We wrapped up the landing site workshop on wednesday afternoon by revisiting each of the four sites and discussing them in turn. Unfortunately, the way that we did this was very disappointing, and made for a frustrating afternoon.
The discussion was centered around a word document that was projected up on the screen in the room. Over lunch, the meeting leaders had conferred and listed what they thought were the key points for each site that everyone agreed with, along with areas of future work. But they should have known that getting a room of 200 scientists to agree with something is nearly impossible, and it didn’t help that their list of points was a mish-mash of actual, irrefutable observations (e.g. “there are strong clay mineral signatures at Mawrth”, or “there is a huge layered mound at Gale”) and complete speculations (e.g. “the delta at Eberswalde preserves organic molecules” or “the layered rocks at Holden are likely lake deposits”) and everything in between.
The result was that we spent most of the afternoon going through this document line by line and debating word choices and phrasing and grammar. It was incredibly frustrating, to the point where I almost had to leave the room. By the end, there were probably only five or so people actively participating, while everyone else in the room silently suffered through watching this document being written by committee.
After the discussion, we did end up with a central hypothesis for each of the sites, along with a list of future work.Gale was the first site we discussed, so a lot of the time was spent figuring out how we were going to do this document editing as a group. I also was on the edge of my seat because my adviser was off the the side telling me that I should chime in. I always get stressed out when I’m expected to comment or ask a question when I don’t really have a comment or question to make. In the end I asked about the wording of one of the bullets that said Gale has a “relative paucity of fluvial channels”. Because it actually has tons of them. But apparently “relative paucity” meant “there is more volume in the mound than could have come from those channels” so the sentence was not edited. Those two things mean different things to me, but I didn’t press the point.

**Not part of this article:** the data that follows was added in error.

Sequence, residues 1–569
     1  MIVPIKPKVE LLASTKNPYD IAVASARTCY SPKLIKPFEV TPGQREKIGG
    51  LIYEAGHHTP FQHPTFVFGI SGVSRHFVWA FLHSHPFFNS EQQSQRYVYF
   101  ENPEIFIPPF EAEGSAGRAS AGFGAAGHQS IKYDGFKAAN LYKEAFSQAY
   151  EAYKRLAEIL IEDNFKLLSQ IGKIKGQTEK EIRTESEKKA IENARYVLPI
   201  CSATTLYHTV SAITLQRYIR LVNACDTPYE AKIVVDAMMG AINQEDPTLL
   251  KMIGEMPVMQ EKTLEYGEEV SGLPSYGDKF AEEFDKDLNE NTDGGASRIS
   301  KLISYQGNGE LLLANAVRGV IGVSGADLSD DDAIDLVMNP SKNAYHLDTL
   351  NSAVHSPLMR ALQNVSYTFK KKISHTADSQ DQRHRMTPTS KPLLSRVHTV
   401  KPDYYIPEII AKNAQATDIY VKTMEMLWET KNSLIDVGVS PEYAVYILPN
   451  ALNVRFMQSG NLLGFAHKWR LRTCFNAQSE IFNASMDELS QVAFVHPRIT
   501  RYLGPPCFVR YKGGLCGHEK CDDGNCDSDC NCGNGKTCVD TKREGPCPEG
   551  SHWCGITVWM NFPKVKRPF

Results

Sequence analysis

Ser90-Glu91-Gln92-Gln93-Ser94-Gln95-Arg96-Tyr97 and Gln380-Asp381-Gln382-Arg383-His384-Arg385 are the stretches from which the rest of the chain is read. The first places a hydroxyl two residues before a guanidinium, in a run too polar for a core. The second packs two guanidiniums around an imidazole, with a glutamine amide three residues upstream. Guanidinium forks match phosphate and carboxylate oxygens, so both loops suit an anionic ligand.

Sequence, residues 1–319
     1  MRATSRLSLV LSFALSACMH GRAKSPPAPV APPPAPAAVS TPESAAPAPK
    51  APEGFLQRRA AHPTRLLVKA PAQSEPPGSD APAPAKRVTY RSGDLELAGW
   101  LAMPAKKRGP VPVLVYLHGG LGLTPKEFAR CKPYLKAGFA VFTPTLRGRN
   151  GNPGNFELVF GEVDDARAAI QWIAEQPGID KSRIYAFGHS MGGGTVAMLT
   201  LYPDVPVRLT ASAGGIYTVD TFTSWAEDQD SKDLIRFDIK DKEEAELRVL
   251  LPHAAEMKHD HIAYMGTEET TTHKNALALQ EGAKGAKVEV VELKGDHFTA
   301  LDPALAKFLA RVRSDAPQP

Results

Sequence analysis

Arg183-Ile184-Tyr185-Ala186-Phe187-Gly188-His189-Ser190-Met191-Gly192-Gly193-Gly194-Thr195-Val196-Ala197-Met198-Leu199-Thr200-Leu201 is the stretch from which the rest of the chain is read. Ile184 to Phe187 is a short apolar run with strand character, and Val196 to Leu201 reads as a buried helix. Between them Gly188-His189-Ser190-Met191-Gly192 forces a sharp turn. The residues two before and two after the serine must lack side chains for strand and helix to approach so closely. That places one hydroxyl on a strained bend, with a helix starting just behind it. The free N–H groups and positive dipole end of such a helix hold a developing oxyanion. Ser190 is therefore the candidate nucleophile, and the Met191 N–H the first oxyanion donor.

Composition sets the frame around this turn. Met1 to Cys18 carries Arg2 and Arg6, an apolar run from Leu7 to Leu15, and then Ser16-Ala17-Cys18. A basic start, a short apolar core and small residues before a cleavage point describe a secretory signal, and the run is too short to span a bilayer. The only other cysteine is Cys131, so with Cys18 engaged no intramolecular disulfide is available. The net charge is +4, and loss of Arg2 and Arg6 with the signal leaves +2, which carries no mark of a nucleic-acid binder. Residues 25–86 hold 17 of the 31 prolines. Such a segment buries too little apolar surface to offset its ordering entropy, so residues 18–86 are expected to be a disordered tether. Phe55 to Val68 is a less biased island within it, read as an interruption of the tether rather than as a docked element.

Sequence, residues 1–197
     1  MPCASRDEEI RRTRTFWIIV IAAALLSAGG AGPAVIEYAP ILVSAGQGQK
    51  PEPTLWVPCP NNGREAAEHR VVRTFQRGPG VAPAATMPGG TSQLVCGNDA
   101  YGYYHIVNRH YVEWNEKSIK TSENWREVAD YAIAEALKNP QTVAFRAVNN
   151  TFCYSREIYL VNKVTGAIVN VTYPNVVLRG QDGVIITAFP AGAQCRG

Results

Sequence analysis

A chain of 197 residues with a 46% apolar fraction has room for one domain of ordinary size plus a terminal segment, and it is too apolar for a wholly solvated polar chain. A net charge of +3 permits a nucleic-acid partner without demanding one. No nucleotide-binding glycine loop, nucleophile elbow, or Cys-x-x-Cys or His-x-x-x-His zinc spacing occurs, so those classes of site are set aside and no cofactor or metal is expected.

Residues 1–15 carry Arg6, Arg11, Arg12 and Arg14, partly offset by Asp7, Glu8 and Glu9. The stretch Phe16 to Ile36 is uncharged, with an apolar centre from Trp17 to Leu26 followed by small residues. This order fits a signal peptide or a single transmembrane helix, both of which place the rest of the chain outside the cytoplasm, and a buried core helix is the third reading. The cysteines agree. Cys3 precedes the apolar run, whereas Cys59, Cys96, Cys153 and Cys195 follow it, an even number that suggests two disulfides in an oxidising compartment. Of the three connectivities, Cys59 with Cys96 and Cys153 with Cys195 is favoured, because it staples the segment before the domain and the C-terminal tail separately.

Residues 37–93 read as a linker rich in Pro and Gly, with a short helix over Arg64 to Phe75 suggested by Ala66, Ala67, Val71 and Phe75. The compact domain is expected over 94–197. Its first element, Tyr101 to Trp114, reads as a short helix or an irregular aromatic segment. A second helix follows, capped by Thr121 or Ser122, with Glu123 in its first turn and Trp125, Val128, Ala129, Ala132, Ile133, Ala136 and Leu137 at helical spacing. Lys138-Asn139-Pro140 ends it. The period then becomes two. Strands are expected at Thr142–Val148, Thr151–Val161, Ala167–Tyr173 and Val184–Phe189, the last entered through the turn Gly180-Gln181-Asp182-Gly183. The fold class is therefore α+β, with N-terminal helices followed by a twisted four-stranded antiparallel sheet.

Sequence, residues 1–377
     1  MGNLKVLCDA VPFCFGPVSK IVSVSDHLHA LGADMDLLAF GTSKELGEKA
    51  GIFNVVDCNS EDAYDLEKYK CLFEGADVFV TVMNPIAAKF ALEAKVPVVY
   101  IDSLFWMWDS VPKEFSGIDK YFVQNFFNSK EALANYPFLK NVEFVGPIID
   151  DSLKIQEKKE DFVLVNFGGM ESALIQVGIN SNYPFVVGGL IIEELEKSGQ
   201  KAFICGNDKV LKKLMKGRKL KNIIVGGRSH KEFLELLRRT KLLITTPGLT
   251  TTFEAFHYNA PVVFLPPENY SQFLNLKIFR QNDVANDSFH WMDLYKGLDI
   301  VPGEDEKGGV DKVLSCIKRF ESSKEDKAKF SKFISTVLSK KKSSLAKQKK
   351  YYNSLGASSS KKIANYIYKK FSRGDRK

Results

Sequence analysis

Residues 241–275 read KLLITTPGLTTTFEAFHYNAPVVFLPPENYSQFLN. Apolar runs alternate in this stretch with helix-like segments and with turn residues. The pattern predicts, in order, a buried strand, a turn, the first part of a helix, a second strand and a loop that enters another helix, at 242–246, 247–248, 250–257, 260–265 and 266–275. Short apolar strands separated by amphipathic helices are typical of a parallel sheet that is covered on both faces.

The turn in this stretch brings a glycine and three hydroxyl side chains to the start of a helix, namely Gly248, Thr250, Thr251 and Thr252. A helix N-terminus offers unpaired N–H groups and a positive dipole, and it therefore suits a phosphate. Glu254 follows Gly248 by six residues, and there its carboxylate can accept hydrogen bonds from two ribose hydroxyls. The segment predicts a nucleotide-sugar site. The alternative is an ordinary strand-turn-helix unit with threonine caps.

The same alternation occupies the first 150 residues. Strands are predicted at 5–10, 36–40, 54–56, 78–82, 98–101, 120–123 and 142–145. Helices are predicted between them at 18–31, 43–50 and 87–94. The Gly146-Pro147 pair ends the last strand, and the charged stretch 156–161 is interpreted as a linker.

Anyway, all of that meant that I didn’t take careful notes for Gale, but the final hypothesis was something along the lines of “how do the environmental and mineralogical signatures preserved in the layered rocks reflect the aqueous processes in the crater?” Although someone else suggested a more concise and to-the-point version: “Did the big-ass mound form in a lake?” Future work for Gale included getting a better handle on the age of the deposits and identifying specifically where MSL would go to look for organics.
For Mawrth the process was a little smoother, but still painful. I don’t know how professional scientists can have so much trouble stringing together a coherent set of words. in the end, the hypothesis they came up with was: “Mawrth records geologic processes during early martian history when aqueous phyllosilicate-forming processes were pervasive and persistent and provides the opportunity to understand early habitability.”
Future work for Mawrth was to figure out the timing of the formation of the stratigraphy and the mineralogy, and just generally getting a better grasp on the possible depositional settings. There was also the question of what MSL would do on an extended mission, and Jean-Pierre Bibring called for astrobiologists to take a look at the site and try to fill in that part of the story.
By the time we got to Holden, the process for the discussion was in place, and the site advocates had had time to write down a hypothesis. unfortunately, it was wordy and awkward and immediately had to be edited, but in the end it boiled down to: “Holden preserves evidence of a fluvial-lacustrine system that provides the opportunity to apply a systems approach to evaluating a sustained, habitable environment.”
For Holden, the future work was to see if we can learn anything more about the light-toned layered deposits to see if they were formed in a lake. Also, looking at the orientation of the layers in the site was mentioned specifically.
Finally, Eberswalde benefitted from watching all of the other sites go first, and the fact that it has the clearest hypothesis to test of any of the sites. Sanjeev Gupta delivered this hypothesis: “Eberswalde crater’s stratigraphy, geomorphology and mineralogy records the evolution of a crater lake and associated fluvio-deltaic systems and additionally represents a habitable sedimentary environment that is favorable to the preservation of organics.” This one was clear enough and well worded enough that people actually applauded when they realized we wouldn’t have to agonize over the wording.